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Thursday, August 25, 2016

Hamersley Gorge – our last foray into Karijini NP

The last part of Karijini to see was Hamersley Gorge, which we did in a day trip from Tom Price. The colours and patterns in the rocks were amazing.  There were some small waterfalls, but no reflections. 









We're also starting to see more wildflowers, which is a taste of what's to come as we head further south.


Tom Price

The thing to do in Tom Price is a mine tour, so that’s what we did.  It was an interesting hour and a half bus tour around the Rio Tinto iron ore mine, including a 20 minute stop at the lookout over the mine pit.





We also drove the 4WD track up Mount Nameless, which had views over the mine as well as the ranges.



Tuesday, August 23, 2016

Karijini National Park Day 5 - Mount Bruce

It's been a while since we've climbed a mountain, but we were still feeling good, even after all the steps up and down gorges, so Mount Bruce was not seeming like too much of a challenge...



... that is, until we got about half-way up and the early morning light breeze had turned into a roaring wind... and it only looked to be more exposed (read: even more windy) further up the mountain.


We retreated to a slightly more sheltered spot and had some morning tea, and decided it really wasn't an enjoyable experience and that we'd find something more fun to do... which turned into taking photos in the less exposed parts of the walk on the way back down.





According to the weather site Tom Price had 30kph winds all afternoon, so it would have been significantly more on the top of the mountain.  Although we were a little disappointed at not getting to the top we were very excited to be out of the wind... and we still enjoyed some stunning views.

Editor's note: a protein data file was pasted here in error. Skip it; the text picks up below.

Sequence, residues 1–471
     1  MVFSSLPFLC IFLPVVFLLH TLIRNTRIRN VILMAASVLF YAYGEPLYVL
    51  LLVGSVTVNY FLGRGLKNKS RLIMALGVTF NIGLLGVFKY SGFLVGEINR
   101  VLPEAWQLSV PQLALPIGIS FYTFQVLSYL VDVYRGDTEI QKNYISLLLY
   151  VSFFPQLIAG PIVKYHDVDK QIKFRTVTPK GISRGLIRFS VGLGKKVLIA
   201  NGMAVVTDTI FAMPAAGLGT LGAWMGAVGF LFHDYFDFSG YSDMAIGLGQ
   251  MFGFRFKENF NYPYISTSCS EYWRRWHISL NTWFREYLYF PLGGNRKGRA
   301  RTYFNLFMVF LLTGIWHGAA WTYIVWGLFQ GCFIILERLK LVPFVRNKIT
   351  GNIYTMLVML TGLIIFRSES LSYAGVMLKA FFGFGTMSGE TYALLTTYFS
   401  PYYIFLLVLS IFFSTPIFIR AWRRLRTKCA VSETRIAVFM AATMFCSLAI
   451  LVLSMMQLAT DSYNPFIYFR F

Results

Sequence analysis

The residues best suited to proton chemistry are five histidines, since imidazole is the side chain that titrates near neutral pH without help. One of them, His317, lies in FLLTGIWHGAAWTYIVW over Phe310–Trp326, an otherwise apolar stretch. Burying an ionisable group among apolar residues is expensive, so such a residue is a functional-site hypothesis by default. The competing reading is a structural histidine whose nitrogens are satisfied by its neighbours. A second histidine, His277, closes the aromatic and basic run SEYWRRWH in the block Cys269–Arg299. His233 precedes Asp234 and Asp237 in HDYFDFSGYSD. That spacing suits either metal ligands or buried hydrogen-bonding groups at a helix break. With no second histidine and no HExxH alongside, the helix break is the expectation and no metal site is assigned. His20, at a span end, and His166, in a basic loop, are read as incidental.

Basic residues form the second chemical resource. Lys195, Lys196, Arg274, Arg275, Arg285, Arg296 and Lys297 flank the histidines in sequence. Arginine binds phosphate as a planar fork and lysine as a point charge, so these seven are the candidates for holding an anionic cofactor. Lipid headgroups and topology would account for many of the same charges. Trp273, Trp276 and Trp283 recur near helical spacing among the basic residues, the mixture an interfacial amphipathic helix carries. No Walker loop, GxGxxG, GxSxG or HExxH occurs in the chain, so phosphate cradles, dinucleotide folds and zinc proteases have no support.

Monday, August 22, 2016

Karijini National Park Day 4– The Fern Pool and Fortescue Falls Take 2

We had seen the whole of Dales Gorge the day before, but knew there would be better waterfall shots later in the afternoon when the sun was lower.  We spent a couple of hours at the Fern Pool waiting for the shadows to come across to get rid of the contrast and the last shot was the best.  



By the time we got back around to Fortescue Falls the reflections of the red cliffs we just perfect, and some of the shots picked up the blue sky too.  It was a most satisfying couple of hours!





Karijini National Park Day 3– Dales Gorge

Since we decided not to go back to hike Joffre and Knox Gorges that left two days for Dales Gorge.  While I caught up on processing photos (there were about 400 photos from the day before – and that was after Dazz had deleted a bunch!) Dazz caught a Western Bowerbird.



We then wandered over to Dales Gorge and started with view of Fortescue Falls, and then went down to the Fern Pool.  







Back at the falls, the track climbs down the ‘steps’ of the waterfall, and then goes across the bottom, so of course that means there are shots of the falls from all angles!




The trail then meandered along the bottom of the gorge for about a kilometre.  We spotted some painted finches, but they were a bit quick for a really good photo.






After scrambling up rocks we reached Circular Pool.  The pool itself never gets sun on it so there is an abundance of ferns.